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United States v. Jefferson

January 28, 1986

UNITED STATES OF AMERICA, PLAINTIFF-APPELLEE,
v.
DOROTHY JEFFERSON, DEFENDANT-APPELLANT



Appeal from the United States District Court for the Eastern District of Wisconsin. No. 81 CR 129 -- John W. Reynolds, Judge.

Author: Cudahy

Before CUMMINGS, Chief Judge, CUDAHY, Circuit Judge and PELL, Senior Circuit Judge.*fn*

CUDAHY, Circuit Judge. On October 7, 1985 the Supreme Court vacated this court's decision in United States v. Jefferson, 760 F.2d 821 (7th Cir. 1985), and remanded the case to us for further consideration in light on one of its recent decisions. Jefferson v. United States, 474 U.S. 806, 106 S. Ct. 41, 88 L. Ed. 2d 34 (1985). Thus, the question of the prison sentence Dorothy Jefferson must serve for her participation in an elaborate drug sales operation is before us for a third time. We remand to the district court with instructions to reinstate the sentence it originally imposed on the defendant in 1982.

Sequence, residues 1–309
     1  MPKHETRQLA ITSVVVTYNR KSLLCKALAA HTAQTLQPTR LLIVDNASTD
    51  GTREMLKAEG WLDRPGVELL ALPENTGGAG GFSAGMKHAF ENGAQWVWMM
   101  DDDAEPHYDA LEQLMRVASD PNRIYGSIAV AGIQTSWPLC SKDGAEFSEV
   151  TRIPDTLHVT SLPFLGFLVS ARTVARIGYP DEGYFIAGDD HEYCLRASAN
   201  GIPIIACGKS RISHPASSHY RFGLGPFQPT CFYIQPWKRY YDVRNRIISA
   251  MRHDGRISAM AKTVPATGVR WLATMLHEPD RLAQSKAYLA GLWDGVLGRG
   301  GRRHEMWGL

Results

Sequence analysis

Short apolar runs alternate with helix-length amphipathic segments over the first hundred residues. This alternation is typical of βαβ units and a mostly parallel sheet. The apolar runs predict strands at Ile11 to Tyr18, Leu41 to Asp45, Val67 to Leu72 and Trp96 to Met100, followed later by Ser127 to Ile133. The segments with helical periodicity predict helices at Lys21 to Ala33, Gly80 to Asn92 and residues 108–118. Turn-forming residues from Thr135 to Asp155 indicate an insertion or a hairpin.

I.

In May 1982, Dorothy Jefferson was convicted in the Eastern District of Wisconsin of one court of participation in a continuing criminal enterprise, 21 U.S.C. § 848; one count of conspiracy to distribute controlled substances, 21 U.S.C. § 846; twenty-one counts of distribution of controlled substances, 21 U.S.C. § 841(a)(1); and two counts of use of a communications facility in the distribution of a controlled substance, 21 U.S.C. § 843(b). She was sentenced to a total of thirty years' imprisonment: ten years on the § 848 conviction and five years on each of four of the § 841(a)(1) convictions, to be served consecutively with each other and the § 848 sentence. (Sentences of five years for the § 846 conspiracy and three years for each of the remaining nineteen substantive counts ran concurrently with each other and the above sentences.)

Section 848 sentences are to be served without parole. 21 U.S.C. § 848(c). The four five-year sentences provided for parole eligibility after one-third of the sentence had been served. Thus, the total sentence package called for parole eligibility after sixteen years and eight months. The trial judge distributed the sentence in this way, instead of giving a thirty-year sentence under § 848, because

§ 848 contains a no-parole provision, and he wanted to give the Department of Justice discretion to release the defendant after ten years if her health problems so required. He emphasized that this discretion was made purely out of concern for defendant's poor health, and that he strongly believed the defendant was a "very dangerous person" and should not "be returned to the community at any time when she's able to supervise any type of activity on anyone's part."

United States v. Jefferson, 714 F.2d 689, 707 n.34 (7th Cir. 1983) (quoting Sentencing Transcript at 21.)